P.S. This grilled recipe is being added to the summer grilling link party at Family Fresh Cooking! Let’s get Grillin’ with Family Fresh Cooking and Cookin’ Canuck, sponsored by Ile de France Cheese, Rösle, Emile Henry, ManPans and Rouxbe!

16 Jan 2011 Roasted Brussels Sprouts

Brussels Sprouts ruined every Thanksgiving and Christmas dinner for the first thirty years of my life.  It was a rule, in my house, that everyone had to eat one Brussels sprout at Thanksgiving dinner and another at Christmas dinner. I dreaded Thanksgiving dinner and Christmas dinner.  Brussels Sprouts were bitter, soggy and all around YUCKY.  I would choke. I would gag.  My stomach would lurch.  I’d grimace.  My family would laugh, but show no mercy. It had to be swallowed. It usually took two bites. Although Brussels Sprouts were number one on my most hated foods list, there were other foods on the list, too: lima beans, pancakes, corn and maple syrup. But! Lima beans, pancakes, corn and maple syrup didn’t constitute a power struggle with my parents.  Brussels sprouts did.

I was thirty years old before I had the wherewithal to refuse to eat one more Brussels sprout.  When I put down my fork that Christmas, I didn’t pick it up again, for ANY Brussels sprout, for another twenty years.  Whatever possessed me to try Brussels sprouts again, I don’t know, but when I was fifty years old I found out Brussels sprouts could be rendered edible if they were fresh and roasted.  My parents used to serve frozen Brussels sprouts that had been boiled.  Please! Don’t do this!

Buy fresh Brussels sprouts, preferably on the stalk, and preferably after the first frost (Brussels sprouts that have been nipped by frost are sweeter).  Old green beans don’t taste good, neither do old carrots or old mushrooms.  Cook the Brussels sprouts soon after harvest, and roast them using the recipe below (which is based on a recipe I found at Epicurious.com in 2004).  They’re GOOD!

Of all my hated foods, the only one left on the list is lima beans. And I’m afraid that I raised my kids to hate them, too.  I told them they never, ever, ever have to eat a lima bean. Then wouldn’t you know, a very nice, very personable college boy takes a liking to one of my daughters.  After awhile, he invites her over to his parents farm to have lunch with his parents.  His parents are lima bean farmers, ROFL!!  She had lima beans for lunch!! Fortunately, the relationship hasn’t progressed to the point where I have been invited to meet the parents and have lima beans for lunch!

Roasted Brussels Sprouts

1 lb Brussels sprouts, trimmed and halved

2 oz. pancetta, minced (2 oz. thick, good quality bacon can be substituted)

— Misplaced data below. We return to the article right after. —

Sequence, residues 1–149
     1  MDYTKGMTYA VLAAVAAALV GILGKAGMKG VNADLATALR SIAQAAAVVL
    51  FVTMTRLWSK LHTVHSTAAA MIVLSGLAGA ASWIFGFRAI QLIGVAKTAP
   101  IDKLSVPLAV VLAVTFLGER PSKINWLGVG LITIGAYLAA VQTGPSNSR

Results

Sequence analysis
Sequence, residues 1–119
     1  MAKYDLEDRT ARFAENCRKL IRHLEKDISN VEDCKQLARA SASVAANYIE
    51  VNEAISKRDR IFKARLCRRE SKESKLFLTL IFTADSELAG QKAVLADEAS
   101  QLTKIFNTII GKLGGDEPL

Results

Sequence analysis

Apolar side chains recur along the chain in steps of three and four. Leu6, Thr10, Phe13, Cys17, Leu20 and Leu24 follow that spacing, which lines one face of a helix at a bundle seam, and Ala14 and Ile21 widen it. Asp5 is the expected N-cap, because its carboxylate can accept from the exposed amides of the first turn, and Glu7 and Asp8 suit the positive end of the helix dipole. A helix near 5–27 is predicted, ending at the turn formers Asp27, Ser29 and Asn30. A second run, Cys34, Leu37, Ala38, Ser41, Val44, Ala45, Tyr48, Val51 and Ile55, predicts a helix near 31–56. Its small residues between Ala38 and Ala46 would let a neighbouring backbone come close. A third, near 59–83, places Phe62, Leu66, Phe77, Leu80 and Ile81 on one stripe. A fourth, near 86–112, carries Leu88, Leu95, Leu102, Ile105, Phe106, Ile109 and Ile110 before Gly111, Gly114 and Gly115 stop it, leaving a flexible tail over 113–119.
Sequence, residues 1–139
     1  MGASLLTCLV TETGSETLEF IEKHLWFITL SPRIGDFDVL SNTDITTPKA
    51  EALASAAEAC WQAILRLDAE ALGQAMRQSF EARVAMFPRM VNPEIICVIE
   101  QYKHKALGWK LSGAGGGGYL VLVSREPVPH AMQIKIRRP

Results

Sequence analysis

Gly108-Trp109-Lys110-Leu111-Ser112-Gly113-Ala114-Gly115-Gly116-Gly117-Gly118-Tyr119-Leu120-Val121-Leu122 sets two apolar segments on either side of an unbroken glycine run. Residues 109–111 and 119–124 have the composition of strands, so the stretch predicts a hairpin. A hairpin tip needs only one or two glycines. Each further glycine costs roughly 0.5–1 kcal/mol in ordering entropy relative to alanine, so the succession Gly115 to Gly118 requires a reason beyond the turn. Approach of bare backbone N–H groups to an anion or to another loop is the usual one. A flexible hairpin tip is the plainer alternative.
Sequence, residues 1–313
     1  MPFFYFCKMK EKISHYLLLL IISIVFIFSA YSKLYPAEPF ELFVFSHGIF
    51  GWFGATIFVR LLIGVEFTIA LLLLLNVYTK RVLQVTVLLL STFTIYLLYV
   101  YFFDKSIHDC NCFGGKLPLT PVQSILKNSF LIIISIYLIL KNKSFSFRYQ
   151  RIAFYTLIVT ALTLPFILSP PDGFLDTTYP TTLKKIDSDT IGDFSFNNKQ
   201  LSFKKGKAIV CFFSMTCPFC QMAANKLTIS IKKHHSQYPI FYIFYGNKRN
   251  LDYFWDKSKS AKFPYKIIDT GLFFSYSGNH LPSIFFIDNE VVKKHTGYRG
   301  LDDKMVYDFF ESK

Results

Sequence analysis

1 garlic clove, minced

2 tablespoons olive oil

2 tablespoons white wine (or chicken broth)

salt and pepper, to taste

  1. Preheat oven to 450 degrees.
  2. In a bowl, toss together sprouts, pancetta, garlic, oil, wine and salt and pepper to taste. Pour into a shallow baking pan.  Make sure the Brussels sprouts are laying flat in a single layer.
  3. Roast Brussels sprouts for 15 minutes.  Remove from oven.  Turn over, and roast for an additional 15 minutes.
  4. Serve hot.  Makes four servings.

Thanks for stopping by my kitchen today! Go ahead!  Make this recipe! You won’t be disappointed 🙂

05 Nov 2010 Corn Pudding

My daughters made me do it. My daughters made me do it!!  Why else would I mix a box of Jiffy cornbread mix with a few cans of corn, a hefty handful of cheese, some butter, some sour cream and then pour it into my prettiest casserole dish and call it Thanksgiving?  Do you think I want to expand out of my jeans?  Nooo, of course I don’t.  I did it for my girlies. They seriously loved this corn pudding.  Just like they love those corn cake things at Chevy’s.  They think I am pretty darn smart.  Yay for the Internet! I found this recipe at The Runaway Spoon, but I must also thank my friend Terry, who brought a dish very similar to this to a Dining For Women meeting last winter… I have been thinking about it ever since!

Corn pudding is on our Thanksgiving menu now (along with a mandatory before dinner walk around the lake).  We usually try out one new dish each year (at least). The bright yellow will be a colorful addition to our plates, we have almost all the colors of the rainbow on the plate now (well, except for the colors at the blue-purple end of the rainbow).  And here’s another plus for this recipe, the leftovers will reheat very well in the microwave, 19 year old boys could probably do it all by themselves.  I don’t know about you, but after I get Thanksgiving dinner on the table I don’t want to cook again for at least another week!

Corn Pudding

2 eggs
1 (16-ounce) can creamed corn
1 (16-ounce can) whole kernel corn, drained
½ cup (1stick) butter, melted
1 cup (8-ounces) sour cream
1 (8½ ounce) package Jiffy corn muffin mix
1 ½ cups grated cheddar cheese (other kinds of cheese can be used, pepper jack anyone?!)
¼ cup finely chopped fresh chives (or finely chopped green onion if you forget to buy the chives, or chilies, or green pepper…)
½ teaspoon salt
Freshly ground pepper, to taste

Preheat the oven to 350º.  Grease a 9 by 13 inch baking dish.

In a large mixing bowl, beat the eggs, then add both corns, butter and sour cream and mix thoroughly.  Fold in the corn muffin mix, cheese and chopped chives.  Add salt and a few grinds of black pepper and mix completely.

Scrape the mixture into the prepared pan and smooth the top.  Bake for 30 – 35 minutes until puffed and golden and firm in the center.

Serve immediately.

Makes a lot of servings, at least 10-12.

Thanks for stopping by my kitchen today!